He is the Napoleon of crime, Watson. He is the organizer of half that is evil and of nearly all that is undetected in this great city, He is a genius, a philosopher, an abstract thinker. He has a brain of the first order. He sits motionless, like a spider in the center of its web, but that web has a thousand radiations, and he knows well every quiver of each of them. He does little himself. He only plans.
Professor James Moriarty D&D 5E
3 plus ones
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- Do you have any tips on playing strategist characters like this so that they don't come across as dues ex machina or annoyingly omnipotent?49w
1) Foreshadowing: As in the Arthur Conan Doyle stories and subsequent works, there should be lots and lots and lots (and lots) of foreshadowing for who this mysterious figure is. To avoid being annoying with that various minions should know very little concrete information that if anything alludes to a clue (usually they die before revealing anything too good, if I remember correctly).
2) Deceptions: Body doubles, red herrings and false trails, willing patsies to take the fall for this or that bit of evil-doing, and apparent but mysterious deaths. The first and last are going to be cheesiest so use them lightly.
3) Get in their face: If you're playing a game in a desert of barbaric nomads, that's probably not right for Professor Moriarty. In an urban setting or something, socially provoke the PCs--he should send them invites to parties, torturing them at social events with the knowledge that he is diabolically evil and that they cannot prove it (yet, anyway).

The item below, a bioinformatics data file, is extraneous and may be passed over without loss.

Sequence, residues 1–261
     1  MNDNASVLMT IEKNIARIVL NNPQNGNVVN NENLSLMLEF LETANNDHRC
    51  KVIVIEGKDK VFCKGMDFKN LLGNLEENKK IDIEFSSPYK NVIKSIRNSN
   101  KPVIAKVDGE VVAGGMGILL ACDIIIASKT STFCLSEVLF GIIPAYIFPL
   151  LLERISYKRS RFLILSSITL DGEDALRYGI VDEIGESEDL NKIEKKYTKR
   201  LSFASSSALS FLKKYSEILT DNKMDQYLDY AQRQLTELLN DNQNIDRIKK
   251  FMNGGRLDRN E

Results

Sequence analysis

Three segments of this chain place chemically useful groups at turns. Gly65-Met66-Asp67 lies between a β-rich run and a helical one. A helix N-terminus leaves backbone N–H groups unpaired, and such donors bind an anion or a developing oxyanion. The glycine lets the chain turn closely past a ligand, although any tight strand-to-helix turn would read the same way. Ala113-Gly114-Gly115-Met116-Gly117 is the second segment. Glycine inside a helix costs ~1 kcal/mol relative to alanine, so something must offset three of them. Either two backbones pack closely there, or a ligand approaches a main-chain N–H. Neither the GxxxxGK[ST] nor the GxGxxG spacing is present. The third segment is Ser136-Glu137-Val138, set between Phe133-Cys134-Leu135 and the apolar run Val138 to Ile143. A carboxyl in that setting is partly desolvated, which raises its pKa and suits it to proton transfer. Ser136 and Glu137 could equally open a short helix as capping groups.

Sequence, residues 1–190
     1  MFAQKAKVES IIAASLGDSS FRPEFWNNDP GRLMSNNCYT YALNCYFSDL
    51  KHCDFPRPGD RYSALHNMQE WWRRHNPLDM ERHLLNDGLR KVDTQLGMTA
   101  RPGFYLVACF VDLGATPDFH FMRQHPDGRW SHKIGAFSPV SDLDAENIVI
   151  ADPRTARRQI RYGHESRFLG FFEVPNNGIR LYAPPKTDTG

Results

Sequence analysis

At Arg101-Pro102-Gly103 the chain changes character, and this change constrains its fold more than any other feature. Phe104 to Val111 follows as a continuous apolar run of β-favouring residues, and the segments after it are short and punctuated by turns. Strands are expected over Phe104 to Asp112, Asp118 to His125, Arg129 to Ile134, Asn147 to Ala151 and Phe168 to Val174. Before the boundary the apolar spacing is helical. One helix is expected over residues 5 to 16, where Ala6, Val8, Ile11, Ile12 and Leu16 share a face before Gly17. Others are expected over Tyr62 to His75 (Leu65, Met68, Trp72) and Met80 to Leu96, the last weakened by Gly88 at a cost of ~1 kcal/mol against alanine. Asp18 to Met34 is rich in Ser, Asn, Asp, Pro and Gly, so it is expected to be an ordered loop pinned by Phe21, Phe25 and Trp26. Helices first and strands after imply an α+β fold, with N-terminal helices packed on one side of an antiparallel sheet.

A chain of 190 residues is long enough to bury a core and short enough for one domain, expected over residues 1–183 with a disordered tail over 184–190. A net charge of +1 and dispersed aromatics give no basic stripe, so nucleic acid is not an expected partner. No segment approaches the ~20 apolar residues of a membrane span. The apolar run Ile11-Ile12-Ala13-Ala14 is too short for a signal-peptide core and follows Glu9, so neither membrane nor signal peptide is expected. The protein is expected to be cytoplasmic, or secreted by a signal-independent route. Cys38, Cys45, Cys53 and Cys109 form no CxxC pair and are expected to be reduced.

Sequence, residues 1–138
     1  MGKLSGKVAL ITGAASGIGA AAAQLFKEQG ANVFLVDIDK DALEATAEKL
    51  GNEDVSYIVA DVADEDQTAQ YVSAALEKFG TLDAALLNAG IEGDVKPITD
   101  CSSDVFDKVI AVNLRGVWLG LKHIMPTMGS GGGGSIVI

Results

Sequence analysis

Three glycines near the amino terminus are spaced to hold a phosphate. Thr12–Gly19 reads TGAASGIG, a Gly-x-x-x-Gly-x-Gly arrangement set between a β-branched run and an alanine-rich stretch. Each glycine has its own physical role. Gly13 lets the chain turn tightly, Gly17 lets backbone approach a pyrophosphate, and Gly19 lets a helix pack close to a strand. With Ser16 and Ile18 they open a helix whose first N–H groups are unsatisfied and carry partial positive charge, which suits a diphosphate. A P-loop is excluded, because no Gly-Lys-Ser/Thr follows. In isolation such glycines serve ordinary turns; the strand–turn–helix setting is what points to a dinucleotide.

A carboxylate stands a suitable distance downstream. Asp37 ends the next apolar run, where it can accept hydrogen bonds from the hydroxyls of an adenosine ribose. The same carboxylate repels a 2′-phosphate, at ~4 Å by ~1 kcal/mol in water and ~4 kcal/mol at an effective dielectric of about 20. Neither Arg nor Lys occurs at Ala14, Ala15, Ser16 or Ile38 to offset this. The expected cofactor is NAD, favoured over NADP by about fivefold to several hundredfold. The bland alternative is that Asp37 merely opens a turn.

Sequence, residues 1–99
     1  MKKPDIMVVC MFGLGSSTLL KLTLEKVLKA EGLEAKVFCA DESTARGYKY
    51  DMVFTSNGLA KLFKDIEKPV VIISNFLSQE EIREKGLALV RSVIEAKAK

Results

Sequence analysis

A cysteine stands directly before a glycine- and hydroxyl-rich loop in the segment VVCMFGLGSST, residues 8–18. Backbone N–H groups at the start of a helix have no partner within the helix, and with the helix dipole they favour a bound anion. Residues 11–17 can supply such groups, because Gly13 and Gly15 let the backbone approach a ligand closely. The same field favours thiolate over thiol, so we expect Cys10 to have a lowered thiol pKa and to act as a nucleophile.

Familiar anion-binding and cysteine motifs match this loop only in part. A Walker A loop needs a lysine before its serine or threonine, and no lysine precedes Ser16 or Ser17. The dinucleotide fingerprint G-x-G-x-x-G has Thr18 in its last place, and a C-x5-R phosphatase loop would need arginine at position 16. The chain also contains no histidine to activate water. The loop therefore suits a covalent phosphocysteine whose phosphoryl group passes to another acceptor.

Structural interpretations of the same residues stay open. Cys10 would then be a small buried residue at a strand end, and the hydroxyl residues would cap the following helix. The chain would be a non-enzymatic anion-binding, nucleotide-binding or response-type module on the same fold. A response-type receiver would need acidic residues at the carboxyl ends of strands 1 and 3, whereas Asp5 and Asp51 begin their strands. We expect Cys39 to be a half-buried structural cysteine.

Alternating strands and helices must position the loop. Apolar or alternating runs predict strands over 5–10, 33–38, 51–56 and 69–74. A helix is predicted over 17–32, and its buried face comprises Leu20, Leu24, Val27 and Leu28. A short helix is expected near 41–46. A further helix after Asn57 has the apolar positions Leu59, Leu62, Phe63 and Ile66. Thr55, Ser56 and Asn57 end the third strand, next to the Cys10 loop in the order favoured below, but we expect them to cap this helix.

4) Environment: Professor Moriarty should really (until perhaps his final end) be the one that really chooses where the party meets. Perhaps they THINK they have chosen the location, but even then it will be part of his plans. Include trap doors, chase sequences and death traps (with mooks to slow the PCs down), and secret doors. I'd include many avenues of escape, roll randomly to determine which he takes, and then have the party decide--quickly, perhaps with a bit of deduction first--which to follow. I'm kind of an impartial bastard as a GM but someone friendlier might be kinder about it. :)
5) The Long Game: Professor Moriarty is not a one-off villain and should be introduced early in the campaign as someone else (a socialite; banker, professor of __, take your pick), his true identity slowly revealed as the adventurers discover that more of the crimes they encounter lead back to the shadowy figure of Professor Moriarty. To be blunt--take your time with him and don't let yourself feel rushed for revealing the party's true nemesis.
I hope that helps. Thanks for checking out his build and commenting! :D49w
- Thanks so much for the detailed feedback! You gave me a lot to think about and work with, as well as validated that I'm not currently doing it all that badly right now. I'm a pretty new gamemaster, and I tend to second-guess myself a lot, so that confidence boost really helps. But I'm also going to take your advice to help refine my process that has been largely guesswork so far. Thanks very much for your time and attention!49w
- well written. If I may permitted to interject a point. Moriarity is extremely intelligent but needs an audience that can appreciate his schemes for what they are, a worthy opponent. An intteligent PC might fill this role, especially one that is not connected to or an integral part of the society to which Moriarity belongs.49w
- A worthy point! Added a bit to the page there :)49w
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